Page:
Make It Vegan – Vegan Lemon Cream Cake Recipe

Make It Vegan – Vegan Lemon Cream Cake Recipe

First of all, my apologies to Chef Yener for tweaking his eggless sponge cake recipe. I did request vegan recipes, but since none were currently in the planning, I figured I would try doing some adjustments on an existing recipe, and what better to start with than a recipe that was eggless to begin with, and in which the only dairy was added soley for flavour and not for any chemical combustion or vital combination.

So why vegan in the first place? One of my best customers, my younger daughter, is vegan and whenever I send her a photo of a freshly designed cake, her first response is always, “Is it vegan?” So, for you, Dana, yes, this time it is.

Before listing the recipe, a clarification, VEGAN, almost like a religion, may mean different things to different people with variations in dietary strictness. For me, vegan is anything made without animal products, without eggs and without dairy products.

So here is Chef Yener’s eggless sponge cake recipe made vegan…and smaller and with a new name:

Vegan Lemon Cream Cake


  • 200g margarine at room temperature
  • 150g castor sugar
  • 5g vanilla (1 tsp)
  • 150g lemon paste mixture (75 gr pure lemon paste + 75 gr castor sugar)
  • 200g unsweetened applesauce
  • 10g baking powder (2 tsp)
  • 240g sifted flour (2 cups minus 2 tsp)
  • pinch of table salt


  • Preheat oven to 180 degrees C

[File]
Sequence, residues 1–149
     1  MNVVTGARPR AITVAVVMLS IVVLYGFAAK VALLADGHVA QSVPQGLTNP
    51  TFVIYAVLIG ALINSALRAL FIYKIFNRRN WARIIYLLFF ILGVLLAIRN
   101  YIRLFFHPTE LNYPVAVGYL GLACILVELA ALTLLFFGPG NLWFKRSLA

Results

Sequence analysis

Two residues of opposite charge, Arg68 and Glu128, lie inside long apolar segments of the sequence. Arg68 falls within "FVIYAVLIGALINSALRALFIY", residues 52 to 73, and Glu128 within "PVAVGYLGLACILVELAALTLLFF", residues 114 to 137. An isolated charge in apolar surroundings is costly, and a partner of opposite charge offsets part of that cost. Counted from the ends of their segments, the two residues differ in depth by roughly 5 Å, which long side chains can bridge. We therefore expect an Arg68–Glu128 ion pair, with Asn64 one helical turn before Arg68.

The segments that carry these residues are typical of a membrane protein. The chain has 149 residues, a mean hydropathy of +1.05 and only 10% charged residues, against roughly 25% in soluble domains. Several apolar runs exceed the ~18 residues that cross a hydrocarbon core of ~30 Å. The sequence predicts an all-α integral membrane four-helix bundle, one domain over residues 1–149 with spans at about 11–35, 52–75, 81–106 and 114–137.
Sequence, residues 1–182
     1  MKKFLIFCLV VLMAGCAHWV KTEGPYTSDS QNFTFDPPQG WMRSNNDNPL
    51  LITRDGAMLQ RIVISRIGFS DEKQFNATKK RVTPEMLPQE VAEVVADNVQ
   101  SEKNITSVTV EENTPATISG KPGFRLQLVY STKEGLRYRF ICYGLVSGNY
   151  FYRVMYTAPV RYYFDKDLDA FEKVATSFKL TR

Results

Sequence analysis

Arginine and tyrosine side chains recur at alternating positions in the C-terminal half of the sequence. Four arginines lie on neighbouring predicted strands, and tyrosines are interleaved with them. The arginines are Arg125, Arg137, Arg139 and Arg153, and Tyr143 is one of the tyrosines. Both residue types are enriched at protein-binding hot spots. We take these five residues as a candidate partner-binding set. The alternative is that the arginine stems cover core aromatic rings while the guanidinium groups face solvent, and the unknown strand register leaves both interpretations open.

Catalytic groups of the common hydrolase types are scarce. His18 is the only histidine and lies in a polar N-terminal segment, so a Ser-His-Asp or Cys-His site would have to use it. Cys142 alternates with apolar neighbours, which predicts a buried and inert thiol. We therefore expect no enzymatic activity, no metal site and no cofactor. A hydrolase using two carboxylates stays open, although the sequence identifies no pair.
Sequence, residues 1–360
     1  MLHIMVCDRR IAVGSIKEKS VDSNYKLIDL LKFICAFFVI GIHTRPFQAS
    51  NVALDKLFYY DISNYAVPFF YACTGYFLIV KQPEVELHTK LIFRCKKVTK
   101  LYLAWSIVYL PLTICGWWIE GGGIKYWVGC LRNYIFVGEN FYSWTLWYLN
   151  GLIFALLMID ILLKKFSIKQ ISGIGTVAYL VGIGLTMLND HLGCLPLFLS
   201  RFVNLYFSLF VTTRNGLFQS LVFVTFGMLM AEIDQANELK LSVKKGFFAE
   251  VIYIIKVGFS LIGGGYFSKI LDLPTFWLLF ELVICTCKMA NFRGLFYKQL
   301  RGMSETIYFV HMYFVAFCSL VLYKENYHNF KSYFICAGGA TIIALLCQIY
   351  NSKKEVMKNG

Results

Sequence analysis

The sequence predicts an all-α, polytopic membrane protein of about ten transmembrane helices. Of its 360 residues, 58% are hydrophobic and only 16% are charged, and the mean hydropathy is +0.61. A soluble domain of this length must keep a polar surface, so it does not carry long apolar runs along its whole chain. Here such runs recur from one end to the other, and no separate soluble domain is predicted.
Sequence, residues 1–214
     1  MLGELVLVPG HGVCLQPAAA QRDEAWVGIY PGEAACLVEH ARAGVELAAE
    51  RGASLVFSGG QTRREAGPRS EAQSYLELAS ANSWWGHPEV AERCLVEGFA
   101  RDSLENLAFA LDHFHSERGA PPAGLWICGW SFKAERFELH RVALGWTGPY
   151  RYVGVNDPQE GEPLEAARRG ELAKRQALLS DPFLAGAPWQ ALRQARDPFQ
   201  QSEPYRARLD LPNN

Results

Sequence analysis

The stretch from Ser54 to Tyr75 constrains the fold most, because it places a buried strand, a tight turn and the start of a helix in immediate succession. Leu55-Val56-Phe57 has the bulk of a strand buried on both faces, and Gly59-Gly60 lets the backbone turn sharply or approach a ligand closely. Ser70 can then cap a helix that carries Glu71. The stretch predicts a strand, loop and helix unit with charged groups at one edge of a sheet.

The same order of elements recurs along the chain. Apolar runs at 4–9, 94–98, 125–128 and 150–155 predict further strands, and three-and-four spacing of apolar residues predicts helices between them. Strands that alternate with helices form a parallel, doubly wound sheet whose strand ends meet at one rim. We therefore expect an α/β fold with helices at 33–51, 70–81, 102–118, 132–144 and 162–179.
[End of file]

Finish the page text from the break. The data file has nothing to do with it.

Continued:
• Line an 11″ X 7″ X 2″ baking pan with parchment paper. (This recipe would probably work well with two 8″ round pans, but I haven’t tried that yet.)
  • Beat the first 4 ingredients on medium to high on a standing mixer for 10-15 minutes scraping down the sides frequently. The mixture should be creamy.
  • Add the salt and mix on medium speed for another 2 minutes.
  • Add the applesauce half at a time mixing between additions.
  • Add the baking powder and about half a cup of the sifted flour and mix well.
  • Add the rest of the flour and incorporate by hand mixing or on very low speed for no more than a minute. The mixture will be thick and spreadable as opposed to pourable.
  • Fill the baking pan, spreading the batter slightly lower along the center and higher at the sides. During baking this will offset the frequent higher mound in the center of the cake.
  • Bake for 30-40 minutes until slightly golden brown and dry to the toothpick test.

I added the pinch of salt to offset what I thought might be a too sweet cake batter. It could eliminated. The taste of this cake with the salt is mild, not too sweet and not too lemony. The proportions in the lemon paste mixture can be played with to suit individual tastes. For me, Chef Yener’s suggestion of fifty-fifty in order to preserve the remaining creamed lemon for future use, is an absolutely delicious ratio. The little that I have left over (O.K. so I tasted it a few times…but just to make sure that it really was good!) will be added to my next batch of buttercream. I freeze my freshly baked cakes to lock in moisture and to make subsequent carving more efficient. See Chef Yener’s recipe for lemon paste which can be found in the Important Notes section of the Butter Cake Recipe on this site.

About the Author
"Let it be a challenge to you" is a saying that has accompanied me for all of my adult life. While studying education in N.Y.C. in the late 60's that was the typical response given to most work/school, related difficulties. Over the years I've found that viewing problematic situations as challenges makes them not only easier to cope with, but increases the satisfaction of having risen up to the challenge. My current challenge is trying to turn reality into cake. I am much more interested in an edible nature scene or an edible guitar than "the pretty cake". I am the mother of three and have been living in Israel for the past 40+ years. My hobbies include drawing, sculpting, photography, gardening, travel, and of late, cake decorating.
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